Learn

You’ve completed the Data Visualization in R lesson! You now know how to choose and implement different kinds of geoms in `ggplot2`, how to customize your plot axes, and how to visualize additional variables through facets.

Below is a summary of the key concepts you learned – great job!

How to create different geoms and when to use which type:

• Histograms can be created using `geom_histogram()` to show the distribution of a continuous variable.
• Heatmaps can be created using `geom_bin2d()` to show the distribution of the intersections of two continuous variables.
• Box-and-whisker plots can be created using `geom_boxplot()` to show the distribution of a continuous variable by quantiles, e.g. 25th, 50th, and 75th percentiles.
• Bar plots can be created using `geom_bar()`, which shows the count of observations for different values of a discrete variable by default. `geom_col()` will create bar plots showing the value of the variable on the `y` axis rather than counts.
• Using the `position` argument and a `fill` aesthetic mapping, we can create stacked bar plots (`position = "stack"`), stacked bar plots showing ratios (`position = "fill"`), and clustered bar plots (`position = "dodge"`).

How to show different statistics in our data:

• The `stat` argument allows us to display different kinds of values.
• `stat = "identity"` will show the `y` axis variable values on a bar plot as is, rather than displaying the `x` axis value counts.
• `stat = "summary"` combined with a function supplied in `fun` will display bar heights based on the summary function. For example, `stat = "summary", fun = "mean"` will calculate and display means.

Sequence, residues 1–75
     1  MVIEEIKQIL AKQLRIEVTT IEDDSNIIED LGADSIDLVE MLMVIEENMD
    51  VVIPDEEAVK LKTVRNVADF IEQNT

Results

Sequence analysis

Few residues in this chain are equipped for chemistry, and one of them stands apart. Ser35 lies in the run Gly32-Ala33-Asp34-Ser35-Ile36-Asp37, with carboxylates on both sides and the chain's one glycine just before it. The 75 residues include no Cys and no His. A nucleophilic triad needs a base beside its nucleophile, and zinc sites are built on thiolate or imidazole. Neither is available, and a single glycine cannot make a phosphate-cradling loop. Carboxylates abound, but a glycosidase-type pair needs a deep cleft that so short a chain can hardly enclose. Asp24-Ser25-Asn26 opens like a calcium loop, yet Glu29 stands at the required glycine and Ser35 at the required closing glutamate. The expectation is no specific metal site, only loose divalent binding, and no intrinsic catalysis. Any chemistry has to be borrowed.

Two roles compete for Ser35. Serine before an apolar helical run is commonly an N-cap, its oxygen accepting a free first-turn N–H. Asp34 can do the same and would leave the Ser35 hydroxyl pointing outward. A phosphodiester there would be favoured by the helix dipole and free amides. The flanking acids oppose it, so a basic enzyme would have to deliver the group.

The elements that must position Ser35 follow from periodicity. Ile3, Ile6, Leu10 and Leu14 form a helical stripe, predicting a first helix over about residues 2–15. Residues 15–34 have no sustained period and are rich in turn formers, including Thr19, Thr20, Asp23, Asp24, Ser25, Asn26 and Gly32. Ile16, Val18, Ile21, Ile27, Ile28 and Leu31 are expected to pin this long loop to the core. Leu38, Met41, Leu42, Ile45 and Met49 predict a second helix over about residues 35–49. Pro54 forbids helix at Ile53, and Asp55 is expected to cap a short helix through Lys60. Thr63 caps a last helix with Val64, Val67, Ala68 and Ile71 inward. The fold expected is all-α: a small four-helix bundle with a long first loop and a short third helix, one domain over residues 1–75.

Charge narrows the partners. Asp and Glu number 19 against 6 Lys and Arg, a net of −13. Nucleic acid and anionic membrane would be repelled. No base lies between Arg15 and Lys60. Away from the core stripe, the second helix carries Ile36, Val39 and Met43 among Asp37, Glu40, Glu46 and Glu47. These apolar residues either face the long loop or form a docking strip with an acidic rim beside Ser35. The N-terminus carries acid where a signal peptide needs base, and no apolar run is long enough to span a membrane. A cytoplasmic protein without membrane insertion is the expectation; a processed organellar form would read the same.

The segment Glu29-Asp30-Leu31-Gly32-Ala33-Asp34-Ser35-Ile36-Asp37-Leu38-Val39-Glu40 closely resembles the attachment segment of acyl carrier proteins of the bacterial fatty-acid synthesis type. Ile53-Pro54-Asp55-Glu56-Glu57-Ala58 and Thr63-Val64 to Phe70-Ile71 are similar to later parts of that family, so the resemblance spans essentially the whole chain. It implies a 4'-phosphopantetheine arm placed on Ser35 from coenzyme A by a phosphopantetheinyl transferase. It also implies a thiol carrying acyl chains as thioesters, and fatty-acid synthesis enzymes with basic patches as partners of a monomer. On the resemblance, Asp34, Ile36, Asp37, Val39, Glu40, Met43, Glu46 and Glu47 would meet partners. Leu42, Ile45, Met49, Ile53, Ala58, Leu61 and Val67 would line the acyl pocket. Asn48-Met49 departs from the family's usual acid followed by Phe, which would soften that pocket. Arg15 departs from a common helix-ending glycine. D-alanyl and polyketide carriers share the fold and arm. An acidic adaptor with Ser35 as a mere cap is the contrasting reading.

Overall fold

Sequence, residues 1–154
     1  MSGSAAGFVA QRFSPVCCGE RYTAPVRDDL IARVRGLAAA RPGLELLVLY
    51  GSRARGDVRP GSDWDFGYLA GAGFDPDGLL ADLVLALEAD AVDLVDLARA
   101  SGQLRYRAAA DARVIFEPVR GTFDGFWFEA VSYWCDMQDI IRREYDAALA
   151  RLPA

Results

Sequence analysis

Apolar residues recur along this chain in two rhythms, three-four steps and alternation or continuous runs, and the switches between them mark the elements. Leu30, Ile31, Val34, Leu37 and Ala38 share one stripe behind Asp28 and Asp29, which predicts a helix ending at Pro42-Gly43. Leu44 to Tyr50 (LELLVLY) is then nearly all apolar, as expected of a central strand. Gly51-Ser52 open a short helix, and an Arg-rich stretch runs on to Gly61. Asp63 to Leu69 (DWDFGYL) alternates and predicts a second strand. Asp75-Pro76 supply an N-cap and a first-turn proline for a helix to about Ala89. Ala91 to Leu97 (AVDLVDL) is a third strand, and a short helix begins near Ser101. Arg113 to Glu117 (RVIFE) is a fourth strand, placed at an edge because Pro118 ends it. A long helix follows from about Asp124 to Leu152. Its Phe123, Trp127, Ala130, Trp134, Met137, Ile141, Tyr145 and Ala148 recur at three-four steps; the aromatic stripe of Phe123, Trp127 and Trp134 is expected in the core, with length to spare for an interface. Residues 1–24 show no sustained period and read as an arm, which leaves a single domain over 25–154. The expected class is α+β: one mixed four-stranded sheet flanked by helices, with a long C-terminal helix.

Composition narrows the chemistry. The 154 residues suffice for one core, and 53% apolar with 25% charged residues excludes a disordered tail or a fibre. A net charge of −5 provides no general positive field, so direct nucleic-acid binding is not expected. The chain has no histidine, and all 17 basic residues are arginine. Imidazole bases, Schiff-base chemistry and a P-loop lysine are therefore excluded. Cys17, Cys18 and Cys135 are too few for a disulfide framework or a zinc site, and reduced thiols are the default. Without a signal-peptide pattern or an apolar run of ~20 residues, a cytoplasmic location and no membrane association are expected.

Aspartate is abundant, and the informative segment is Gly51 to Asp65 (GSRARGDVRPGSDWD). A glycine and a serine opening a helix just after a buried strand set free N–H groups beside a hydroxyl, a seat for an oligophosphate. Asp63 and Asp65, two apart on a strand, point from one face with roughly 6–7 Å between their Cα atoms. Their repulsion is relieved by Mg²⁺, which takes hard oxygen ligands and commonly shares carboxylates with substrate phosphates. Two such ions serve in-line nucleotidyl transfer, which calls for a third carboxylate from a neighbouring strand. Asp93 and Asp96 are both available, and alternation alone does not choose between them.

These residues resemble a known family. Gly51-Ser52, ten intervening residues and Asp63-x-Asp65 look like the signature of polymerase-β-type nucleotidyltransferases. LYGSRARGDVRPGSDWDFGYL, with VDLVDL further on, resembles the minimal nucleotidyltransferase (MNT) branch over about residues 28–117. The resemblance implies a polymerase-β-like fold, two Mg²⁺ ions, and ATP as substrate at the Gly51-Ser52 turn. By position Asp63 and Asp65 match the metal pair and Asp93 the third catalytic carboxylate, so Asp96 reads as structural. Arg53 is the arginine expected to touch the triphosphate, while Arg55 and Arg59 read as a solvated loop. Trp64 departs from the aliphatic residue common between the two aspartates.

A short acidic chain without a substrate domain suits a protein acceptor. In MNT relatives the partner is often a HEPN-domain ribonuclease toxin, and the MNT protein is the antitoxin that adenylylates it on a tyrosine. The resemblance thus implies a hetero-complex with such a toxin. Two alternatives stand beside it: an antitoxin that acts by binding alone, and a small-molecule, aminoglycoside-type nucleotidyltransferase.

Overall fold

How to add error bars to bar plots to show variance around a mean:

• `geom_error()` creates error bars on bar plots when provided `ymin` and `ymax` variables representing the upper and lower bounds of error ranges.

How to customize discrete and continuous axes:

• We can customize discrete axes using `scale_x_discrete()` and `scale_y_discrete()`.
• We can customize continuous axes using `scale_x_continuous()` and scale_y_continuous()`.
• We can zoom in on a region of our data using `coord_cartesian()`.

How to show additional variables in panels of a grid using facets:

• By adding `facet_grid()`, we can map up to two additional variables along facet columns and rows.

### Instructions

The code included to the right creates the plot shown in the very first exercise, depicting how different animals spend the hours of their day. Feel free to experiment with this plot and modify it further!